Coral Thrive in Cold Water, Die in Warm

It is the first study ever to address how coral reefs react to a colder climate change. Many studies have been done about the effect of a warming climate change on coral reefs.
Those studies have shown that coral reefs eventually die in environments with increased heating.

“The reason why it’s important to look at that aspect is [because] when you do research on climate change, most areas on earth warm up but some areas cool down,” Deheyn said.

Each study lasted three weeks. Roth and Deheyn worked in the Scripps experimental aquarium. They placed coral in water kept at 5 degrees warmer and water kept at 5 degrees cooler than normal.

There were three conditions of water: warm at 26 degrees Celsius (normal temperature for corals), very warm at 31 degrees Celsius and cold at 21 degrees Celsius. The corals were kept in individual jars because the scientists wanted to ensure that if a coral’s stress response could be accurately isolated.

The researchers found that in the first week that the corals liked the warmer environment better.

“They were like, ‘Oh this is no big deal, you know I can deal with warmer temperature,’” Deheyn said. “But then after a week their health declined very, very rapidly and they bleached and eventually they were close to dying by three weeks.”

The warmer environment sped up the corals’ metabolism and enzymes. This situation was not sustainable because enzymes could not keep up with the sped-up conditions. The enzymes began to break down and the algae living in the corals left.

Corals have a symbiotic relationship with algae. Most of the energy the coral receive is from symbiosis. When a coral undergoes stress, the stress is transferred to the algae, often causing algae to leave the coral. “Bleaching” occurs when algae leave coral because the coral turns white. The colder environment was hard on the coral in the first week. The corals were not growing and their metabolisms were lower.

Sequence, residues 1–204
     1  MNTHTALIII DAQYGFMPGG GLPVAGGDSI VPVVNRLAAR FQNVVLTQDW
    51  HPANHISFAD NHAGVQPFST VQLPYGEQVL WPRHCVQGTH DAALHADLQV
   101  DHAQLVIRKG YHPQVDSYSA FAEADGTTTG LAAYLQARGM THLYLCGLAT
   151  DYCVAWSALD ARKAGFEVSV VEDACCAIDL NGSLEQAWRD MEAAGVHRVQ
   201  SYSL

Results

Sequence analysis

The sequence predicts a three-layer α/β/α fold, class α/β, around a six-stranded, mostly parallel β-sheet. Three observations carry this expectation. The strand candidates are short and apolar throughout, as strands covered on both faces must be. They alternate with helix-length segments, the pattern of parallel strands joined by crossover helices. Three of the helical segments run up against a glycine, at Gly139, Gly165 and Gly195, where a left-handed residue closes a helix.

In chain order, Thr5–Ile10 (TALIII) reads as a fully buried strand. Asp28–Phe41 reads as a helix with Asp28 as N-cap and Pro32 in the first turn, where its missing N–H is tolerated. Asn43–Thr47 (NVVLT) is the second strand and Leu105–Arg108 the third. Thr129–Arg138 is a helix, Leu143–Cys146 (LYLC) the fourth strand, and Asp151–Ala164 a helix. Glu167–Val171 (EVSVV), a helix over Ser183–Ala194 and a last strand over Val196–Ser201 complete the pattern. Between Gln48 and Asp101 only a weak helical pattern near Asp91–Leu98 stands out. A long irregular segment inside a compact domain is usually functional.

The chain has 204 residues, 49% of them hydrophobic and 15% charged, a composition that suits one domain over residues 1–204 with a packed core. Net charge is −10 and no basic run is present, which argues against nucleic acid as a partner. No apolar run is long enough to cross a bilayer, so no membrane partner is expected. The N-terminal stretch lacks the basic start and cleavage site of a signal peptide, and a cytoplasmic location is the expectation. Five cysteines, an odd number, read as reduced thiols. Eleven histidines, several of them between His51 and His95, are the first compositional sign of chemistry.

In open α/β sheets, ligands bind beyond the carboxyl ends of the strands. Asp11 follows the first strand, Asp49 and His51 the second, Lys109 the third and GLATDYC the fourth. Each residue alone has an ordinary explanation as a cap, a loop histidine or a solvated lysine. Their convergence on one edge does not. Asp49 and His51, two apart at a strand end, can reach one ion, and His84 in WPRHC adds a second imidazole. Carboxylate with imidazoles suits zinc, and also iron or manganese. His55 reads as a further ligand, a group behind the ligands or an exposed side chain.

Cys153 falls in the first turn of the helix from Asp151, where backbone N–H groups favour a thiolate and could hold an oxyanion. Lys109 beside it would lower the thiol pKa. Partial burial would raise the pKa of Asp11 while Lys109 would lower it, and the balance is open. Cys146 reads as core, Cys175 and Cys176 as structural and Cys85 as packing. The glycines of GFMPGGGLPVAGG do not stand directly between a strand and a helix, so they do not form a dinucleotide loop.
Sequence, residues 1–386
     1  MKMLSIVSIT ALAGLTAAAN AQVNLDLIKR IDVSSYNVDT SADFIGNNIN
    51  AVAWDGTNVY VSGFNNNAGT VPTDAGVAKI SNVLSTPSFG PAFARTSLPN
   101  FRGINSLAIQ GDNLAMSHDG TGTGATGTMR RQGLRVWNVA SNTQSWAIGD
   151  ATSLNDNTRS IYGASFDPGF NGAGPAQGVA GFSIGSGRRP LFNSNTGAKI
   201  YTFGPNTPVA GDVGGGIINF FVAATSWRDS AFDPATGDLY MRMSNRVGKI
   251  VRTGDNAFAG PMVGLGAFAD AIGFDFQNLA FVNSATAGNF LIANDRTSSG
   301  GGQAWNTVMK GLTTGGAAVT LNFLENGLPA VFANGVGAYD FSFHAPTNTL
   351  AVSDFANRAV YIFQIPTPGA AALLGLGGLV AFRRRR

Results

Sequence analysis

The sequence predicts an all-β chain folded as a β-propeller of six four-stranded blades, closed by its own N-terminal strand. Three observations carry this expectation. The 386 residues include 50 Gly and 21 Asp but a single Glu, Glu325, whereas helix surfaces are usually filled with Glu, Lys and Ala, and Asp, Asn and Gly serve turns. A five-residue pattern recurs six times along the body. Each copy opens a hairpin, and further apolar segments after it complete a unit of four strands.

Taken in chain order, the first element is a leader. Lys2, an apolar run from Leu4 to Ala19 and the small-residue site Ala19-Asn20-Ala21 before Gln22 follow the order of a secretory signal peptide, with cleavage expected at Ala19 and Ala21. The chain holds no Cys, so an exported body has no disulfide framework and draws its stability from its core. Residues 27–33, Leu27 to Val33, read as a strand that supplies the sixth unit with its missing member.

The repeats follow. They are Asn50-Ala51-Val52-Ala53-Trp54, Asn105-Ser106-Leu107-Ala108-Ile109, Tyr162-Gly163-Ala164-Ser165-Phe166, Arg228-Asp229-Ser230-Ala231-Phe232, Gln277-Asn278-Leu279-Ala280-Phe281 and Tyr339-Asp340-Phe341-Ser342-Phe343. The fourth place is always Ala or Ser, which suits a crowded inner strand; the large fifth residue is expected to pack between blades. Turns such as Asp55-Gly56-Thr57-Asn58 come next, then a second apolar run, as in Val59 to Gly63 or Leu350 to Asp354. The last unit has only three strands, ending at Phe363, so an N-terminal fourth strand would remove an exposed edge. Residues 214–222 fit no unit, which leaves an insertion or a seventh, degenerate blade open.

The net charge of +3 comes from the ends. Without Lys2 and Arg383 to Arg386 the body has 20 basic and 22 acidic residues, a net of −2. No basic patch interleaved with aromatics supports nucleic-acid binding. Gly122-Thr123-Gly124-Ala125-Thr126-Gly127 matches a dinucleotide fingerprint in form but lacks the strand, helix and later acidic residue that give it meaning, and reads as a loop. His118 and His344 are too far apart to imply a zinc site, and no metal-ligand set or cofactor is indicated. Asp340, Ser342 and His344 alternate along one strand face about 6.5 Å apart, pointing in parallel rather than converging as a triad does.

“We thought those would eventually die first,” Deheyn said. “But after a week they stabilized and they started to adapt and thrive again in colder conditions.” Deheyn and Roth do not know the exact cause for the corals surviving in colder temperatures but they have a few theories: They think the cold tolerance means that the coral enzymes and the source of the energy slows down the metabolism of the organism, whereas in the warmer temperatures the enzymes work too fast and create stress for the corals.
 
“The pure mechanism of why it happens — it’s species specific,” Deheyn said. “It’s something that is worth investigating, but is probably due to the limits of terminal tolerance from the enzymes that made the corals.”

Roth is now based at Lawrence Berkeley National Laboratory. Deheyn said that he will continue to study corals.

“I was inspired to look at the affect of other stressors on corals,” Deheyn said. “We now work, for example, on the effect of metals on corals which are perimeters that also are important for the coral reefs.”

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